WOMEN IN CINEMA: For young girls growing up in the early 1980s, strong female role models were in short supply.
We were too young to know that Ellen Ripley or Sarah Connor existed, let alone aspire to be like them. The popular characters in those days were the “Transformers” and He-Man and GI Joe and… Barbie. Of course, there were also Han Solo and Superman and Indiana Jones. And…Jem. The boys got the heroic warriors. The girls got frilly clothes and makeup.
There were two noteworthy exceptions: Princess Leia and Wonder Woman.
Both were great role models, particularly for young girls. But there was one glaring difference between the two. Princess Leia, while smart and sassy and fierce, never got the chance to wield a light saber and frequently needed to be rescued. Wonder Woman, on the other hand, was the hero of her own story. She was the hero of many stories. She was a warrior in her own right.
There were only three seasons of Lynda Carter’s “Wonder Woman” in the late 1970s, although the show lived on for years in syndication. Long after cancellation, it was a favorite among kids and Wonder Woman was one of the most popular girls’ Halloween costumes throughout the 1980s.
In my lifetime, there have been three big screen iterations of the Batman franchise, played by five different actors. Three have donned Superman’s cape. And I’ve lost count of the Spider-Men. On the other side of the universe, Marvel has made billions with Iron Man and Captain America and Thor. But, neither DC nor Marvel have made a real effort at unleashing a female superhero on the big screen. Until now.
There were half-hearted attempts at movies like “Super Girl,” “Catwoman,” and “Elektra.” But the problem with those films was a total lack of understanding how to properly allow a woman to be a superhero. How to tell a story about a strong woman that would appeal to a broader audience than pubescent boys.
We could go through the vital statistics on women in cinema. Like the fact that “Wonder Woman” is only the eighth female superhero to have her own film, even though there are over 100 featuring men. We could talk about how Patty Jenkins is only the second female director ever to be handed a budget of over $100 million. Or we could mention that in the modern age of Marvel and DC, very few women have joined the fight against tyranny. And none of them have gotten their own film. “Captain Marvel” won’t be released until 2019.
I was born during the Carter Administration. The Cold War was alive and well. After Carter came Reagan. It was in the years when the country was still trying to sort out the Women’s Movement and what to do about it. The first woman was appointed to the Supreme Court and the first woman astronaut went into space while I was in elementary school. It seemed as though the time had finally come that there would no longer be the “first woman” anything. There would simply be judges and astronauts and directors and writers. Gender mattered, sure, but it would no longer have to be an adjective to describe what type of fill-in-the-blank career person.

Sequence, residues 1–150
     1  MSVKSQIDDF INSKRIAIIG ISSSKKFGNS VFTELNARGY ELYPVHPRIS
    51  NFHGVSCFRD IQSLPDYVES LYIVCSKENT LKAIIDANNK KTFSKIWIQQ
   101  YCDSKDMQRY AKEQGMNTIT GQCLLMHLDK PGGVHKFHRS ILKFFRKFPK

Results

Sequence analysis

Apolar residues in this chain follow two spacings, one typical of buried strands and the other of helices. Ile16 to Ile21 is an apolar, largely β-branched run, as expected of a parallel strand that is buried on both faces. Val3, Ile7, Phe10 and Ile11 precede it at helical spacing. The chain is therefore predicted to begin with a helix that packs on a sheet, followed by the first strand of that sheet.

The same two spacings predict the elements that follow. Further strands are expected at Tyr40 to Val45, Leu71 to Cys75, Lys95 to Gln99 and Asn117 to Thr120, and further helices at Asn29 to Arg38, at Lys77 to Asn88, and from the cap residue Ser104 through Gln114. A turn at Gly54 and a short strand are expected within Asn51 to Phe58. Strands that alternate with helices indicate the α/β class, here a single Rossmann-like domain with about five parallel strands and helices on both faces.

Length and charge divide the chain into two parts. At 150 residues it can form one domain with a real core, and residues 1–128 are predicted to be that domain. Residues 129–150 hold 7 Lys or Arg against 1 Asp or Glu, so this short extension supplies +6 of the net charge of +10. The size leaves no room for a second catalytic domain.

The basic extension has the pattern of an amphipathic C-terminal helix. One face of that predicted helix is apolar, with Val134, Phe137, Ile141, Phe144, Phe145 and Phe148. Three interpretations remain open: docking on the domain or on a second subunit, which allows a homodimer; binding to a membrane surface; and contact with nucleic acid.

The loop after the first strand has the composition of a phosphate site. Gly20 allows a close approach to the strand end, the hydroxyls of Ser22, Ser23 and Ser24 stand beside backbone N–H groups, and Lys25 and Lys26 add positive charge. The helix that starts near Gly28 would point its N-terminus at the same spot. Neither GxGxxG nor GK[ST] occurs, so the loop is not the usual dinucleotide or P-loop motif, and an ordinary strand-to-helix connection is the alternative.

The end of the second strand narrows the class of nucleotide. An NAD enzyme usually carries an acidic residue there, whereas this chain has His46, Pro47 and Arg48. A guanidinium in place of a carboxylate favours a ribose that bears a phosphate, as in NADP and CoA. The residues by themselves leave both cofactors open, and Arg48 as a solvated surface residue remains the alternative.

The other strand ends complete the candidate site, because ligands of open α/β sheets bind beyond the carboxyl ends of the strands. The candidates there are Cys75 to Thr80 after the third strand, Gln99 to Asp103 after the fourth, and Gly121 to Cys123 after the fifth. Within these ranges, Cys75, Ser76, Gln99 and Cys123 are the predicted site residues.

Except, that was not how it happened.
In many places, women were still an anomaly. A novelty. Something Important Men could show off to demonstrate how enlightened and forward-thinking they were.
Eventually the Cold War ended and gave way to other geopolitical threats. We don’t need to rehash all of the atrocities the world has seen in the past 20 years. Every day there’s some new threat. The world is frightening and dangerous. It seems as though there are bombings every day, somewhere. The fighting escalates. In life, and online. Just a casual stroll through Twitter can yield some unpleasant views of humanity.
Wonder Woman matters for two reasons.
One, for the step forward this will hopefully be for women in film. Both on and off the screen. In an era that has seen great heroes emerge like Katniss Everdeen in “The Hunger Games” and Hermione Granger in “Harry Potter” and Rey in “Star Wars: The Force Awakens,” it is high time for a big screen female superhero. Just as it is high time for women to write and direct big budget projects. So many female characters end up turning out wrong because they are the creations of men. They are the incarnations of what men think they should be, and not what they really are. This film is cinematically significant for its lead as well as its overall production.
As a character, Wonder Woman matters too. She is strong and a fighter. She can defeat the bad guys just as well as Superman or Batman. But what sets her apart is her capacity for love. The fact that her first instinct is to fix a situation, not fight her way out of it. Diana, Princess of Themyscira, always seeks peaceful resolutions wherever possible.
Patty Jenkins recently gave an interview to The Guardian. During the interview, they talked about a line from the movie where Diana’s mother says to her, “Fighting does not make you a hero.” Jenkins said, “I MEAN THAT. Becoming a hero is not what you thought because there is no villain, it’s us, and [we have] a collective responsibility to become better people and only that will save the world.”
The world needs all of those qualities that Wonder Woman possesses. Strength blended with compassion. A combination of integrity and fortitude.
Wonder Woman matters because she is the embodiment of all the things missing from the arts as well as from society. She represents the qualities we need to rediscover in ourselves. She is the hope we need right now.
Wonder Woman matters because children growing up today get to see a woman that is every bit as capable as men. It’s an important message for girls to see that they can aspire to be like her. And it’s an important message for boys to grow up knowing that they aren’t superior.
It has been a long road to this film. “Wonder Woman” as a movie is long overdue. But, perhaps she is here at exactly the time when we are ready for her.